Jonas’ thoughts wandered. When he again picked up the thread of the priest’s speech, he was holding up what looked like a large ball on a stick. The ball was approximately a meter in diameter. “All right, boys,” he said in his normal, high, effeminate voice. “This will be our sun….”
Jonas looked at the orange colored ball on the stick and wrinkled up his face in a puzzled expression. Interstellar ships sometimes passed near the mainline star which lay at the center of the Athenian system on their way to the Hadris gates. Twice in his sixteen years, Jonas stood on the command deck of his father’s ship while the vast bulk of the star Metis grew until it filled all vision.
Jonas leaned over to his father and, looking up, whispered, “I thought this hike was supposed to take all afternoon?” His father looked down and nodded. “But with the sun so small we are going to be done in no time. I mean, it only takes at most six days to reach one of the Hadris gates.”
His father smiled and with a hand on his son’s back, leaned down and whispered, “You have no idea how fast we were traveling. Mass bending technology does incredible things for our acceleration curves.” The priest gently shook the ball loose from the top of the pole and watched as it rose approximately twenty feet in the air and began to hover. Soon after, the hike began.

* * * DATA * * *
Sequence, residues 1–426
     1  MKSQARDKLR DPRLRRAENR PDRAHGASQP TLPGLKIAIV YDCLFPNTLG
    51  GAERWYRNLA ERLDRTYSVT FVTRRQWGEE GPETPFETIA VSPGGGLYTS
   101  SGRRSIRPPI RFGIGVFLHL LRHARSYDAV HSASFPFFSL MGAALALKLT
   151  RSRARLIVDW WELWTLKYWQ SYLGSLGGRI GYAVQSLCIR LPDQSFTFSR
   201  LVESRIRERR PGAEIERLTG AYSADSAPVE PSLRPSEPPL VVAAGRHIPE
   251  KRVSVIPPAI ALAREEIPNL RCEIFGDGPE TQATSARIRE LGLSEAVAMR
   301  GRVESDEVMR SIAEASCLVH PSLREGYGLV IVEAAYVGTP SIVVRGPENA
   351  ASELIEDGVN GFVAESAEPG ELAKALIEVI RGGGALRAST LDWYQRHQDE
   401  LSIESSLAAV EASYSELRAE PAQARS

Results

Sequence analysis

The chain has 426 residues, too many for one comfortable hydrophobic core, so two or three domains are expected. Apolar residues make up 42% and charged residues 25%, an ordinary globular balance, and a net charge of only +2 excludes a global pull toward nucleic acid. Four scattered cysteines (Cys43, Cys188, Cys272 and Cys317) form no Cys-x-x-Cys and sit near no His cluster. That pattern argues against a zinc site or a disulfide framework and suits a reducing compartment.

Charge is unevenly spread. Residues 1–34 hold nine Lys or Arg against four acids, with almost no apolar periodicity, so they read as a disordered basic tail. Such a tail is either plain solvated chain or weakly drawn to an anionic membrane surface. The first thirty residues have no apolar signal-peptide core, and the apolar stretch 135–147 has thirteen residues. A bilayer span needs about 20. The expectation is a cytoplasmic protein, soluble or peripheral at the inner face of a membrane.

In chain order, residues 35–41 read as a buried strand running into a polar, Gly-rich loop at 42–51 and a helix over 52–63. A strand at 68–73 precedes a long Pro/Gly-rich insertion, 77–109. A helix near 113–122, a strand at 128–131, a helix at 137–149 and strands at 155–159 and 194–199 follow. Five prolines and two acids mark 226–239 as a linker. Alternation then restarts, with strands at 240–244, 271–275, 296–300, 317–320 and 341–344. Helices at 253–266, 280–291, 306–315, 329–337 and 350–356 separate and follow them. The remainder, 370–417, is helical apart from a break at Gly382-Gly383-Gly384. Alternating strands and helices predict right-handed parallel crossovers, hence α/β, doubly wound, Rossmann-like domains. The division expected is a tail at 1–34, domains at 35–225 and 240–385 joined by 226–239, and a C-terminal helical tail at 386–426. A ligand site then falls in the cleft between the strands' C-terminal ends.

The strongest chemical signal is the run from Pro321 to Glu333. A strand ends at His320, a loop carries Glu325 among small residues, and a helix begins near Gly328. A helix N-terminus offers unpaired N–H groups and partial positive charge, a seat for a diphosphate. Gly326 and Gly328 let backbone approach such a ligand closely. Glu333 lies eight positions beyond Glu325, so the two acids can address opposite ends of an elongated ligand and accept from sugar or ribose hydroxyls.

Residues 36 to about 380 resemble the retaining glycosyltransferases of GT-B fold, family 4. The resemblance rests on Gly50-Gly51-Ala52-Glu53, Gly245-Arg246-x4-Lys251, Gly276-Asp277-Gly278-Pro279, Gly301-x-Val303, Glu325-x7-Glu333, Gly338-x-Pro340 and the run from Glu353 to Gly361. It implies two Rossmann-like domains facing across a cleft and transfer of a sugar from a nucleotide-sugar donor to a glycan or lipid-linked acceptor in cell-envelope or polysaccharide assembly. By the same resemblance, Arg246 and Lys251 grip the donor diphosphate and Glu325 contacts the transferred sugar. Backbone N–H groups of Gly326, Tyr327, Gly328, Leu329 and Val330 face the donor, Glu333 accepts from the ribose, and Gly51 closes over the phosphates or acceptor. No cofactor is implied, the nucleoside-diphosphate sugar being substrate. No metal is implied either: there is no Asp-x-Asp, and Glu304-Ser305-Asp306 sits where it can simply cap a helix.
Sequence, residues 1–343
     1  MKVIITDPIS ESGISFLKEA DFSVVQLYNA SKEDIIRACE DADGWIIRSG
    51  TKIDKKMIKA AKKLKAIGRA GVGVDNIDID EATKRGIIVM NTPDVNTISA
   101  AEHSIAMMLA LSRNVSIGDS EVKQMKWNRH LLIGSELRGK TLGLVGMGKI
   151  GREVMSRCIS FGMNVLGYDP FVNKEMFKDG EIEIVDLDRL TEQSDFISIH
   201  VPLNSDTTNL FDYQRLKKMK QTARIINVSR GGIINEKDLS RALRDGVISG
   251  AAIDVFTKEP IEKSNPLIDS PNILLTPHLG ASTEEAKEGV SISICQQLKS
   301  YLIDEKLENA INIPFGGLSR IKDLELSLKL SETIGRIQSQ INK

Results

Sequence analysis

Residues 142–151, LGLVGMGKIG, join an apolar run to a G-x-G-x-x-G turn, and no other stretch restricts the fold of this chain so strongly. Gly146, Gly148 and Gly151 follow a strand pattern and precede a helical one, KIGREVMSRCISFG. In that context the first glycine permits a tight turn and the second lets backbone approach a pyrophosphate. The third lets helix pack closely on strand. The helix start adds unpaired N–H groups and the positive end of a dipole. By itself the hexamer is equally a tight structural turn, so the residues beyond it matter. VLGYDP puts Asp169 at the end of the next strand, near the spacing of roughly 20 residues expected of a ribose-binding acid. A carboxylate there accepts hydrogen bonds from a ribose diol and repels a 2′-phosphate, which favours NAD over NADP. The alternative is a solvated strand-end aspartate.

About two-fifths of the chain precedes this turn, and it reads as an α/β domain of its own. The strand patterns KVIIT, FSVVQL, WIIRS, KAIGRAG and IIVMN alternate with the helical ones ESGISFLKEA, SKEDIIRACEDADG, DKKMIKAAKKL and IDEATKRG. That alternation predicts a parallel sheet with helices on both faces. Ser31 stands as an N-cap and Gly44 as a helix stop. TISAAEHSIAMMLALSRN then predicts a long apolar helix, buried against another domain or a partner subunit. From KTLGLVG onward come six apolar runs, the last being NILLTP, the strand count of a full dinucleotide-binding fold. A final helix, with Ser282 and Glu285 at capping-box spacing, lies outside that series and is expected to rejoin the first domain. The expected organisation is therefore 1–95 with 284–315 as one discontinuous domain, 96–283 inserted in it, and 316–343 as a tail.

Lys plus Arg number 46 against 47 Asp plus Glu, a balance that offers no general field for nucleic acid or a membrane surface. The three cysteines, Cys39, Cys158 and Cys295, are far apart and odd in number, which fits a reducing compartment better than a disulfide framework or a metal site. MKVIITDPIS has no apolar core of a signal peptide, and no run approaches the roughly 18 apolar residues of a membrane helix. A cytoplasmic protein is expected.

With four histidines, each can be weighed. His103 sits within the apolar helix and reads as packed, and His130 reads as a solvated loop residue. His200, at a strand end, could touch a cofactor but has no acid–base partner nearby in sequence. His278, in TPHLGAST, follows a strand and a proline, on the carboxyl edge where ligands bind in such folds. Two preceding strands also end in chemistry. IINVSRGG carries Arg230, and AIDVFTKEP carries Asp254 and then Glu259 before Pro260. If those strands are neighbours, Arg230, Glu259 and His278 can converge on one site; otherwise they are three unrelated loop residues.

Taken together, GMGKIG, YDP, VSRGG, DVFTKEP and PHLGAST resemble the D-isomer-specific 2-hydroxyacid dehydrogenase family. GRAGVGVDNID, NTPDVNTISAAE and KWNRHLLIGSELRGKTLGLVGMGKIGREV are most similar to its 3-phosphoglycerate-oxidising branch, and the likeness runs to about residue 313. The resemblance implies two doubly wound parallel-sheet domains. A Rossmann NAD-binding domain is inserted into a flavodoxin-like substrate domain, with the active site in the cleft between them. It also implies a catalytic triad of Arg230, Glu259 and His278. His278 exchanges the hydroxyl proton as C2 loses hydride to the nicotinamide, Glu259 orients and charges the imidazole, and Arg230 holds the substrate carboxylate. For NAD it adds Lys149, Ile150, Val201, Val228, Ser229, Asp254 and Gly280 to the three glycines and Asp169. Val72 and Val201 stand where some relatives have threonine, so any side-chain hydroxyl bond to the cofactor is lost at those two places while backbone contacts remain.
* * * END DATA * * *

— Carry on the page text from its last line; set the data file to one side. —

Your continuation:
Jonas was to remember that afternoon often in the years to come. All of the boys, and many of the fathers, found themselves in a perpetual state of awe as they walked. Balls no larger than a fist stood in for gas giants and nearly disappeared as they floated up into the air. The three inhabited planets of the Athenian system fit together in the palm of the priest’s hand. But it was the vast distances between the sixteen planets which left an impression on Jonas. Hundreds of paces divided the inner planets, and whole kilometers passed by between the outer ones. By the time they reached the realm of the dwarf planets of the outer rim, they were walking for what seemed like hours between them.
The hike, which Jonas had thought would be over quickly, went on for nearly eight hours, and Jonas was forever grateful for the time. Years later, he found out that, through the priest, the King had given the other participants strict instructions to leave them alone. That day would become one of the rare instances in Jonas’ life where he had his father to himself. For a few hours, he was simply a boy who finally had the full attention of a busy dad.